I decided then and there that I was going to cycle to Kenya instead. I knew that if she could do it, I could too. At this stage I had only cycled around the block a few times in Berlin to a nearby market. I had no idea about anything related to cycling, I didn’t even own a bike, but like with everything in my life, once I decide to do something, nothing on this planet can stop me from following through. Even if it kills me. Guess I`m too stubborn to quit.
I had no idea where to start though. I resorted to Facebook and asked publicly if anyone had a bicycle for me to cycle to Kenya with. After realising how ridiculous this sounded, I deleted my post an hour later. Two weeks later I saw a message in my inbox from a guy in Centurion who was importing NORCO bicycles from Canada. Matthew De Jongh, a man I hold very dear to my heart, sponsored me a bicycle, panniers and a tool kit to embark on the most ambitious journey of my life. Matthew showed me how to change a bicycle tyre and work the tools he had given me a week before embarking on my solo cycle across Africa. I was then dropped close to the Ramotswa border post of Botswana on 11 June 2019. My birthday. After crossing into Botswana, the staff on the South African side of Passport control ran over to the fence to sing “Happy Birthday” to me. It really made a huge difference. I was petrified.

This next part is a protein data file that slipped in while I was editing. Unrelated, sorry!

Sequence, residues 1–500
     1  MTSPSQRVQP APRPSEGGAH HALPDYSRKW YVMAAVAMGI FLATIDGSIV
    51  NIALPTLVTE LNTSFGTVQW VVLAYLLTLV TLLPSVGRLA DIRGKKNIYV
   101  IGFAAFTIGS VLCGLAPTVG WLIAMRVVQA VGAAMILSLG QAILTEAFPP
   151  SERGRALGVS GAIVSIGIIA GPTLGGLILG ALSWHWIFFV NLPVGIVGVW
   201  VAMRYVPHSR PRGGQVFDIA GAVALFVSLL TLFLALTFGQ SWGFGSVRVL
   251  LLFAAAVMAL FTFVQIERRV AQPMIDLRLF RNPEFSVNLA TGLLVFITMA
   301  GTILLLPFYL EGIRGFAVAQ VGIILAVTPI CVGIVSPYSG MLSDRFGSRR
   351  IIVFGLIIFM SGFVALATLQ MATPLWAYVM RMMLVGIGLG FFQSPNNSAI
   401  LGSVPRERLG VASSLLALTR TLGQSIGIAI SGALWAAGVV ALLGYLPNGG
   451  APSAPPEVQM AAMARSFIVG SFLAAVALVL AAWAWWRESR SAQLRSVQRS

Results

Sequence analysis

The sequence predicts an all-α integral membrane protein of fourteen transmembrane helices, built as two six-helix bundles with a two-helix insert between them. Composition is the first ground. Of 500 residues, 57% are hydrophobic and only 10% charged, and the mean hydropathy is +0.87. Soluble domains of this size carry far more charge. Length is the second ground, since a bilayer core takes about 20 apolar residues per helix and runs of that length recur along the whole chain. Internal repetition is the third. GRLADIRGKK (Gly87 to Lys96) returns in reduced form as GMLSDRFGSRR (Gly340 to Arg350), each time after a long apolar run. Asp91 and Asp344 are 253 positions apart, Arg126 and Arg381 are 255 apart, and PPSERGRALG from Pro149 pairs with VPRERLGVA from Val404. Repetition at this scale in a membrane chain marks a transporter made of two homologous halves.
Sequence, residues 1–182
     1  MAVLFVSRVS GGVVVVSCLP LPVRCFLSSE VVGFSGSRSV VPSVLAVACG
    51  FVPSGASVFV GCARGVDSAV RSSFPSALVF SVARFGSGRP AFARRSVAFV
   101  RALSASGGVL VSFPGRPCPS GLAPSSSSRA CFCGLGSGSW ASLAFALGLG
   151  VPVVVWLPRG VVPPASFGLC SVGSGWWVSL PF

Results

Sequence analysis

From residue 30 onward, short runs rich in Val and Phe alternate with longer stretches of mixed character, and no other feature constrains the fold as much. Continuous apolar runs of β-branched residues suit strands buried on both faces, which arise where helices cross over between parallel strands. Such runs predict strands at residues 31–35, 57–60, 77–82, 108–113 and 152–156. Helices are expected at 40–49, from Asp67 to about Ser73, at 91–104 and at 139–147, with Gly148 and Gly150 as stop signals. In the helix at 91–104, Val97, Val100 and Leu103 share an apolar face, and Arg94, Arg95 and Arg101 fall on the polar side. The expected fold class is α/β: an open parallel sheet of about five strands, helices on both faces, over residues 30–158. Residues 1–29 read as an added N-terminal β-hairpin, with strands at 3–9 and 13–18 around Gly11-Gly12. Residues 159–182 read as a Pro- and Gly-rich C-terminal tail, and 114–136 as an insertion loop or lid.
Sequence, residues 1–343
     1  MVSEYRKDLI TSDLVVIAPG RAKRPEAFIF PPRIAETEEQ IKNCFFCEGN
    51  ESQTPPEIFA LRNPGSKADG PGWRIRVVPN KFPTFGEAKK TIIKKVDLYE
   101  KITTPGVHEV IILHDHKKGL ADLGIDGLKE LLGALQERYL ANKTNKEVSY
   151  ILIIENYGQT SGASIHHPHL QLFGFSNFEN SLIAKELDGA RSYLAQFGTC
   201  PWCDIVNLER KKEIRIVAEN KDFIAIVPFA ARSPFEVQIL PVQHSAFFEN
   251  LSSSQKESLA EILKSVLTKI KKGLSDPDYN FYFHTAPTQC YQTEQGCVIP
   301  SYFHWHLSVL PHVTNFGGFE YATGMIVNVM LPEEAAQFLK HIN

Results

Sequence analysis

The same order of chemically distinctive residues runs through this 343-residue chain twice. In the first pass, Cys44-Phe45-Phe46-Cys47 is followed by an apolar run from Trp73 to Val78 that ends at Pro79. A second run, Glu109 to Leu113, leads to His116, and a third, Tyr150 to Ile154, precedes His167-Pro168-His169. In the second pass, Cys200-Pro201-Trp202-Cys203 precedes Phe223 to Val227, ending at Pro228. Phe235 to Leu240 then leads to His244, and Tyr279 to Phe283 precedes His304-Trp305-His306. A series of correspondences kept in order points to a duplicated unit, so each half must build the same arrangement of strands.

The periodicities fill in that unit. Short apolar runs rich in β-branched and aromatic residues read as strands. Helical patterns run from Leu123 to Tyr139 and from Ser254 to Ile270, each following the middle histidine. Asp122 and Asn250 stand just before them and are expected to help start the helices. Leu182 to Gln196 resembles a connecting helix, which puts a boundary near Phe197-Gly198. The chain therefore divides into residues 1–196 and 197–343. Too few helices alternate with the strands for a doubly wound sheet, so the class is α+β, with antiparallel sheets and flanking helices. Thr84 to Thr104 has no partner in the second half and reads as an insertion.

Over the next 8 months I endured the greatest hardships, the biggest challenges, not only physically but emotionally too. Being alone for so long you really do a lot of inner work. You face your demons head on and there are no distractions from that. I almost froze to death on the Trans Kalahari Highway in peak Winter. I was pretty clueless about good quality gear needed for the trip and my useless sleeping bag’s zip broke about a week in. I had no idea about head wind, climbing hills, how to deal with elephant encounters or how much water to have. As dumb as this sounds, it was a blessing in disguise because I think if I knew more about what I was in for, I might not have done it.